T-Birds season preview: defense, goaltending will need to be team’s backbone
The Seattle blue line suffers one major loss as Ethan Bear, the WHL Defenseman of the Year, moves on to the AHL, where the Edmonton Oilers will be keeping a close eye on his development. Bear will be extremely difficult to replace as he’s been a solid contributor at both ends of the ice for three seasons, but Seattle possess the depth and talent that they should be able to fill his skates without taking a major step back on the blue line.
In net, they lose the veteran netminder that got them through the regular season in Rylan Toth, but they found their replacement for the next few years during Carl Stankowski’s magical playoff run.
Overall, Seattle should feel more comfortable on the defensive end of the ice, where the only major losses are Bear and Toth. With everyone else a year older and some up-and-coming prospects ready to take the next step, the T-Birds’ should be able to do a good job keeping pucks out of their own net.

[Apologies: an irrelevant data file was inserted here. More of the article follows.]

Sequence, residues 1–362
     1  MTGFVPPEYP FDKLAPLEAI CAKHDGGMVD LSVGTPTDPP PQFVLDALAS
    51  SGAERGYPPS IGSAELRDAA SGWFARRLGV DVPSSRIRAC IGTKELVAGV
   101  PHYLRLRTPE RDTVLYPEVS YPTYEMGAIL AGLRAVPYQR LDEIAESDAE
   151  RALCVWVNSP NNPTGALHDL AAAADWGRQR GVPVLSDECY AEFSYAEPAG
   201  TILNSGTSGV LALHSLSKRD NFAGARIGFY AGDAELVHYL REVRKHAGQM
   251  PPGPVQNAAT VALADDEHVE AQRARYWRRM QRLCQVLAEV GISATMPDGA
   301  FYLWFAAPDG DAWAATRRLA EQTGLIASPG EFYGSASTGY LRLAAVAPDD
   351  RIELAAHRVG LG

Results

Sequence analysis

Austin Strand. A trade deadline acquisition last season, Strand has now played in two consecutive Mastercard Memorial Cups — first with the Red Deer Rebels as the host team in 2016, and then last year with the T-Birds. In 74 games last season between Red Deer and Seattle, Strand had a career-high 32 points on nine goals and 23 assists. Eight of those goals came in his 36 contests with the T-Birds, which would have been a personal best in itself.
With Ethan Bear moving on, Strand takes the reigns as perhaps Seattle’s top offensive defenseman. Strand is one of Seattle’s four overage players still left on the roster, so it’s possible he could be moved, though that seems unlikely given his experience with deep playoff runs and ability to contribute points from the blue line.
Cade McNelly. Still just 15 years old, McNelly won’t turn 16 until a couple weeks after the regular season begins. Watching him play, it’d be easy to confuse the Westlock, Alta. native for a player much older as he already stands 6-foot-2 and isn’t afraid to mix it up with players four and five years his senior.